For my 100th Screen Shots column and the third entry into my five part series that has nothing to do with upcoming films, I will focus on a franchise that is very dear to my heart. Anybody who knows me knows that my favorite film is The Matrix, written and directed by the Wachowskis and starring Keanu Reeves, Laurence Fishburne and Hugo Weaving.

That film combined literally every component I love about movies and synthesized them into this super-film that kicked all kinds of ass on every level. Contrary to my sentiments about sequels, I am a big fan of them, because nothing is more exciting and causes more hysteria than the continuation or the next installment of a really awesome popular franchise.

When I learned that the Wachowskis were going to make two sequels to The Matrix, I was overjoyed. Film touches me in ways nothing else in the world can, and that film had a profound effect on me. Everything from the ideas, philosophy, stunts, design and performances hit me on a very visceral level, and the idea of more put me in such a state of excitement to see the sequels that I subconsciously decided to love them before I had seen them.

Fast forward to the point where I’ve seen both sequels: The Matrix Reloaded and The Matrix Revolutions. Even though the films made a substantial amount of money, they were critically panned. At the time I couldn’t understand why people weren’t digging the films because after all, this was The Matrix, right?

It wasn’t until almost half a decade after the films came out that I was able to come to terms with the fact that I had a Matrix bias that I was able to separate myself from the films and finally look at them objectively. And when I did, I recognized a predicament that permeates throughout the entire movie business: Script vs. Special Effects.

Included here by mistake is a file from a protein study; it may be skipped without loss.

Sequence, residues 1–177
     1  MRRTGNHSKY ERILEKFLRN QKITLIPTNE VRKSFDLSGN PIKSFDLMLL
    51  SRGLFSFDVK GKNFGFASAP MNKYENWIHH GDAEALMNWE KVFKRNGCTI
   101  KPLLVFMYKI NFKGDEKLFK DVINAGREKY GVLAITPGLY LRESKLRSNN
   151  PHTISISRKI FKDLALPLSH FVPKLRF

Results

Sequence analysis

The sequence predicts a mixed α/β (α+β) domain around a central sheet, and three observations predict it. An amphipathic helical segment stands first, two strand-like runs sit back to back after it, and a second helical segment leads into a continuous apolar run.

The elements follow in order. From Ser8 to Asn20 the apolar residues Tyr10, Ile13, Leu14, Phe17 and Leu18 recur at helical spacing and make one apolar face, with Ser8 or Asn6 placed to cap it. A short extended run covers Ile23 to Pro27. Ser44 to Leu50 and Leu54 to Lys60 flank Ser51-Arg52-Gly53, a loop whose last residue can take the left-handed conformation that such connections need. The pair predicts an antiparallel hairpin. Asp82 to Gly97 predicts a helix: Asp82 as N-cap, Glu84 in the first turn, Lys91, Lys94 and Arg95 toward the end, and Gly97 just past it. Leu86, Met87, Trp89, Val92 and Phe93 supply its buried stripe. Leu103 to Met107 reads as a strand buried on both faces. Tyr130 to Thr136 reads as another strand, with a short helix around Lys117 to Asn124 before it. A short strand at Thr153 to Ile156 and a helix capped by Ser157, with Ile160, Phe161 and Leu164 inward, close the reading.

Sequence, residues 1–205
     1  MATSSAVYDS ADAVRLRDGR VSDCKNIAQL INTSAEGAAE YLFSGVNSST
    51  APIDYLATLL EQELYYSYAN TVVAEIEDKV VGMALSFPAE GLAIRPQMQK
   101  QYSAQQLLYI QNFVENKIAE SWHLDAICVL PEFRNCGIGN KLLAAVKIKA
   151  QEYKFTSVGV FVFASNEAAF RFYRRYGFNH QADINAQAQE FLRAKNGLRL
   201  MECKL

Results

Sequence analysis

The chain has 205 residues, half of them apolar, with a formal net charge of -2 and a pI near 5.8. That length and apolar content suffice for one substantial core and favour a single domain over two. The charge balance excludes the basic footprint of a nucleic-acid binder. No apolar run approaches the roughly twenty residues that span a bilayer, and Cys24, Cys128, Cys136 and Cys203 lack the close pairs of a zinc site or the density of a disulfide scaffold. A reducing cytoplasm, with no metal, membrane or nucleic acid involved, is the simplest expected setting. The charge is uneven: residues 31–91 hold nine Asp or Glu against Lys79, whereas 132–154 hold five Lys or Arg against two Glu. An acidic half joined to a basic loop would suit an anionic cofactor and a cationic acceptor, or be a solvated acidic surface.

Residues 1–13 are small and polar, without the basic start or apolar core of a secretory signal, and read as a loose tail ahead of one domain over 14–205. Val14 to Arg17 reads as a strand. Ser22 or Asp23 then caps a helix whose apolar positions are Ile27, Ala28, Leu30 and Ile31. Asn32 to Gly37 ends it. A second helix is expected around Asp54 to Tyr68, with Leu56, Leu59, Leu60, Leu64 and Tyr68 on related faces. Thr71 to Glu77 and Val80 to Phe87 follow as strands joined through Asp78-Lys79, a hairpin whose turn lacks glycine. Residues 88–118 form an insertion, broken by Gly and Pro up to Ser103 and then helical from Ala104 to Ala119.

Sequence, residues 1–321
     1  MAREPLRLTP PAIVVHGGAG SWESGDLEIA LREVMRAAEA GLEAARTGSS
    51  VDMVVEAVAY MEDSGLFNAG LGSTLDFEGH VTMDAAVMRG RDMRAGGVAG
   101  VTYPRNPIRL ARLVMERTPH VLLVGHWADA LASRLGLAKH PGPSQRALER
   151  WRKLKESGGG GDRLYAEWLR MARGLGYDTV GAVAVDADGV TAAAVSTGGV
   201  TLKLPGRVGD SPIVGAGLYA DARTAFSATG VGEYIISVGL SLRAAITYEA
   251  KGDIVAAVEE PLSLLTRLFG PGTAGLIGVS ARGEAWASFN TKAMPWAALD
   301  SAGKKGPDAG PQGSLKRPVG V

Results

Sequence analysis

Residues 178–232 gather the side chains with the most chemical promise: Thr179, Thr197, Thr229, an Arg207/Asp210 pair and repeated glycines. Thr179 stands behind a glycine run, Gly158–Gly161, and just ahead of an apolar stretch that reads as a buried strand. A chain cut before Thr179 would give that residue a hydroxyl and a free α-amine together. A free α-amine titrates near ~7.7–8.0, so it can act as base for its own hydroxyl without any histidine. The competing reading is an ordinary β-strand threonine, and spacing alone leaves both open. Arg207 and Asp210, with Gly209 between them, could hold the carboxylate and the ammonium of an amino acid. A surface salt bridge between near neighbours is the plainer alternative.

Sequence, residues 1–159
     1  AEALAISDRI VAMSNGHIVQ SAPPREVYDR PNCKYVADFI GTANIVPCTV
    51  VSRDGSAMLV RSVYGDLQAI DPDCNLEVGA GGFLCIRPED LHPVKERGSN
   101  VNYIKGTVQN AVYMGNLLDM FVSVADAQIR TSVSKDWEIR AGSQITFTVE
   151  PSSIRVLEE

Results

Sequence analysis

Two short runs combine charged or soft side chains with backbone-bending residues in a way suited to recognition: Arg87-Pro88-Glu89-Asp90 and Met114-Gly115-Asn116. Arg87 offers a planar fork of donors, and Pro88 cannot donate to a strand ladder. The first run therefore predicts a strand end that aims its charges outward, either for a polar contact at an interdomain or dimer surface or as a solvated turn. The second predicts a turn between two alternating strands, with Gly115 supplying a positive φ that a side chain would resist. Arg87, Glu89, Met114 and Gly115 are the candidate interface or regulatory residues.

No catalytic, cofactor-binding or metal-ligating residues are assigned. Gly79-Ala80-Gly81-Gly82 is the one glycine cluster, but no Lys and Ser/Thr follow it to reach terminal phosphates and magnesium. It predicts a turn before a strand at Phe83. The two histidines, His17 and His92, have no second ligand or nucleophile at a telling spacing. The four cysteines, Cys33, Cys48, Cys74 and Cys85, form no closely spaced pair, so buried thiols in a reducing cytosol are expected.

When I finally looked at the Matrix sequels with fresh eyes, I realized that the special effects and action sequences were obviously more important to the filmmakers than the scripts. Personally, I felt that the stories they came up with were awesome, but the execution of the stories into scripts lead me to believe that the filmmakers were a lot more eager to start crafting the action than they were the screenplays.

The first film set a huge bar for special effects, and it was understandable that the directors felt they needed to top themselves. It was obvious to me (probably because I’m a screenwriter), but nobody else could really offer up a clear argument about why they didn’t like the Matrix sequels other than the fact that “they just didn’t.”

It also wasn’t until after many repeated viewings of the sequels that I felt I began to understand amazing things about the stories that were completely unclear upon the first several viewings. The fact that some of the best stuff was too cryptic and disguised for most people to understand was another indicator to me that not enough focus was put on developing the scripts. I thought the stories of the sequels were fantastic and flipped the ideas of the first film on their heads in a great way, but the actual scripts were the chink in the armor.

Movie audiences today have seen it all. We’ve seen every creature, robot, explosion, alien or gadget you could throw at us. The only thing that really can be done is making the effects look more real, but at the end of the day, it’s supposed to be fake. Which means we are right back where we started, with story and script.

Story and script are the most important pieces of the puzzle. Without story and script you have nothing.

Too many filmmakers base all their decisions on the mind-blowing impressive special effects that are at their disposal, but special effects will never be able to make a bad script amazing. Just take a moment and imagine if all the special effects artists in the world were gone, and all filmmakers would have to make films that entirely relied on story and character. What a world that would be, huh?

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